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The EEA is a credible strategy for the transition period, argues Lord Owen.

Lord Owen speaking to the Institute of Policy Research, University of Bath, 18 January 2018.

Full text hereBath18.1.18

Extract:

The EU-UK negotiations over a Withdrawal Agreement from the EU have gone far enough to show we can find a way for a smooth, not a hard, exit. That is an exit with a sufficient period to negotiate a Free Trade Agreement that does cover financial services, the largest part of the UK economy, and sets the parameters of an ambitious Free Trade Agreement, giving sufficient time during a transition to adapt to WTO trading.

It will need a greater sense of national unity to achieve; a greater readiness on this issue of overwhelming national importance to put to one side party politics or personal preferences. In addition, we need provision in case there is no agreement by October 2018 for a more limited, less ambitious default transition before embarking on WTO trading in 2021.

The EU-UK document ‘On Progress During Phase 1 of Negotiations Under Article 50 TEU on the United Kingdom’s Orderly Withdrawal from the European Union’ which was published on 8 December 2017 is a sensible document.

Drawing on my experience of the EU since 1976 I judge it will be impossible to get the European Council to change its position adapted on 15 December without the UK proposing a detailed ‘managed divergence’ approach to the Single Market in the transition.

In responding, therefore, to the EU wish for the Withdrawal Agreement to be “clearly defined and precisely limited in time” the UK Government would be wise to state now that they are ready to rely for legislative purposes during the transition chiefly upon the European Economic Area Agreement during the transition to which we are a contracting party. This does not resolve all issues – transitory status quo arrangements for agriculture and fisheries will still be required – also while the Customs Union is allowed under the EEA neither Norway, Sweden nor Liechtenstein thought it necessary to take it up. The Withdrawal Agreement it is clear from the outset is for the transition and no longer than the transition period which is currently planned to end no later than 30 December 2020. We can set aside legal arguments as to whether or not a contracting party to the EEA Agreement ceases to be one if they leave the EU by making provision for the small amendments that make it clear that the UK will continue to be a contracting party to the EEAA within the Withdrawal Agreement. As such an amended EEA Agreement will respect our sovereignty, as it does for Norway, Iceland and Liechtenstein.

On Tuesday 16 January Professor Baudenbacher, a judge of the EFTA Court and President until last year, in giving evidence to the House of Lords Select Committee indicated that the EEA-EFTA option for the UK’s transition period using its Protocol procedures for amendment is potentially feasible, even given the short timescale.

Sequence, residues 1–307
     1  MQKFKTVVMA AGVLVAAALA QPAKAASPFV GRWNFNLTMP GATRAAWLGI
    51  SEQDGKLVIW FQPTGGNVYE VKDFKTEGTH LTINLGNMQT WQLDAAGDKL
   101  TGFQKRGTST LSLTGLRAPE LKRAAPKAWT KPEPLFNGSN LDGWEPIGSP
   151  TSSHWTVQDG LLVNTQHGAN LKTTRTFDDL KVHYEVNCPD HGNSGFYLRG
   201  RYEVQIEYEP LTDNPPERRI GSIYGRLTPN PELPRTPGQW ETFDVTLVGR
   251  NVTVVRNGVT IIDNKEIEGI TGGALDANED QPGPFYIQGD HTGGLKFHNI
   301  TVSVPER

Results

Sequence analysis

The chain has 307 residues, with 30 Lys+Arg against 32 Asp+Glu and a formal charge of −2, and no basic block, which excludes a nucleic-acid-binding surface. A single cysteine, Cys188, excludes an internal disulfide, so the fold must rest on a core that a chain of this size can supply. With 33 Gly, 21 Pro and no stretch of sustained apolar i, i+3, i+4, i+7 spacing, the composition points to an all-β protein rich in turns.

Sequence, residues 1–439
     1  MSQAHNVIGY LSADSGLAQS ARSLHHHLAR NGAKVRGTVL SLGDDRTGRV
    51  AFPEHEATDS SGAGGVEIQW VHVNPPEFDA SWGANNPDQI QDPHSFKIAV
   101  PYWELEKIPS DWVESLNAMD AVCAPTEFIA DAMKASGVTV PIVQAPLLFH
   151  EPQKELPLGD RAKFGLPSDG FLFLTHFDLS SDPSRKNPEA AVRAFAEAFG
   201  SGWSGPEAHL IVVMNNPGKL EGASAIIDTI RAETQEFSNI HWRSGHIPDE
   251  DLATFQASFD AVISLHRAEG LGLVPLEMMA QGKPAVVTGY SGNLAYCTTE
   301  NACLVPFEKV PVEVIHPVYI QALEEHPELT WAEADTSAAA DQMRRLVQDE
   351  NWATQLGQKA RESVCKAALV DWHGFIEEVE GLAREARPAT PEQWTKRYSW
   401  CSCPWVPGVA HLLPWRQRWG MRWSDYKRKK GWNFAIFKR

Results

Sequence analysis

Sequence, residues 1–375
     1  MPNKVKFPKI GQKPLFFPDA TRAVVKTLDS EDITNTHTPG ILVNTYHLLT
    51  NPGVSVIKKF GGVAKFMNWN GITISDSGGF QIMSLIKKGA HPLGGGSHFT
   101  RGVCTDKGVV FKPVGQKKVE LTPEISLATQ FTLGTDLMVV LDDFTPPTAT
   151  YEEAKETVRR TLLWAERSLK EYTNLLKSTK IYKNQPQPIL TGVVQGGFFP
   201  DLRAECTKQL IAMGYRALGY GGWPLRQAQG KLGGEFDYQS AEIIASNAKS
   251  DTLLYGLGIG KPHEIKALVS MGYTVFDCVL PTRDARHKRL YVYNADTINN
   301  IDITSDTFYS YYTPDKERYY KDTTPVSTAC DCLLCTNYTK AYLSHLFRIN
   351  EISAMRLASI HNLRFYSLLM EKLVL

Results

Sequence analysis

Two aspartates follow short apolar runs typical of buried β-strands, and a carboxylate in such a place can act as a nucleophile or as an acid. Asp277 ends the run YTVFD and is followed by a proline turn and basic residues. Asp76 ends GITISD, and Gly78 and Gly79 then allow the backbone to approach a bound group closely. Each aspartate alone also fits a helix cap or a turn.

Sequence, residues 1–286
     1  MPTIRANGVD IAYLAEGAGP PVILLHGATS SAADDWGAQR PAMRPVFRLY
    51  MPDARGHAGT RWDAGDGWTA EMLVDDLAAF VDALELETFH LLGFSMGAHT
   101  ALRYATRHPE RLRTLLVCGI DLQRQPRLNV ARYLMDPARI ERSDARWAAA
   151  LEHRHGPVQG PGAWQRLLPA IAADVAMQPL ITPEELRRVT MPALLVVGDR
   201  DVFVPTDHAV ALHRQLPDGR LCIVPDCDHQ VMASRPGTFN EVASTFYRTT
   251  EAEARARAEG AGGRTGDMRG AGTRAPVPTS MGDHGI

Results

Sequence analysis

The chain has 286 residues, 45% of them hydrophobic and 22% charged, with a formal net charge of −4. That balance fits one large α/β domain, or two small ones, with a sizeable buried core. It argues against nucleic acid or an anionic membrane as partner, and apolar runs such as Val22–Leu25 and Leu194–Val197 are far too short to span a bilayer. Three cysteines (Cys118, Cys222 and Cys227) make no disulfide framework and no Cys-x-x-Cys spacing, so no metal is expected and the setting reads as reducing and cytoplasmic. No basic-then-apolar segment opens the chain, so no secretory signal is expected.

This EEA transition option plainly gives the UK more power and control over subsequent developments than would the European Council’s proposal of last December. But it would also be easier for EU members. It follows precedent and in some parts would be bespoke but it means much of the legal provision is contained in a well understood international treaty with its own legal framework. It ought to unite all shades of Leave opinion, and attract some Remainers who recognise the need in practical negotiations to start to respect the referendum decision.

Full text hereBath18.1.18

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BBC HARDtalk interview: David Owen rebuffs Brexit scaremongering

BBC HARDtalk interview January 2017

http://www.bbc.co.uk/programmes/w3csvpq7

Interview with Stephen Sackur. First shown: 2:30am 4 Jan 2018, available for 11 months. Duration 24 mins

(At approx. 14 minutes:) “Why do we spend our whole time doing ourselves down? Why do we have, day after day, newspaper stories aimed at demoralising and sharpening (opposition)? Who are these people who can’t take defeat in a referendum? Who spend their whole time on this issue?

“There is a positive story. We are a great country still, we have a great deal of courage, enterprise and energy in our young people… they are much more turning their hand to this challenge in front of us…

“I don’t understand why we should spend our whole time questioning the very judgement of the British people who decided they wanted to leave the EU. Is that the role of the elite? …of some MPs who weren’t able to win? Or are we prepared to live with the result and make a success of it?….

“(in the last election) Labour got many many votes in the North of England from people in who wanted to leave the EU… Labour should focus itself on getting a good result of leaving the EU – all of us should…”

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“…defence expenditure has to be increased. There can be no ifs or buts about that. … Europe has been freeloading on the United States, as far as NATO is concerned, for long enough. Britain, coming out of the EU, has to demonstrate to the Americans that we are committed to NATO’s defence.

Lord Owen, speaking in the House of Lords Debate on UK Defence Forces, 23 November 2017.

Download the speech here: HLDefenceDebate23.11.17 

My Lords, the issue before us all is that defence expenditure has to be increased. There can be no ifs or buts about that. For the next five years, the National Security Council will have to find an increase from 2% to 2.5% as the bare minimum. That body is looking at cyber, development, defence and foreign policy. It is the right body to give a remit to this new review that it will be funded to this extent. Without that, frankly, it will not be serious.

Europe has been freeloading on the United States, as far as NATO is concerned, for long enough. Britain, coming out of the EU, has to demonstrate to the Americans that we are committed to NATO’s defence. Without that, we will not maintain the support of the American people for their commitment to NATO. Everything that we see indicates that that is vital. Why?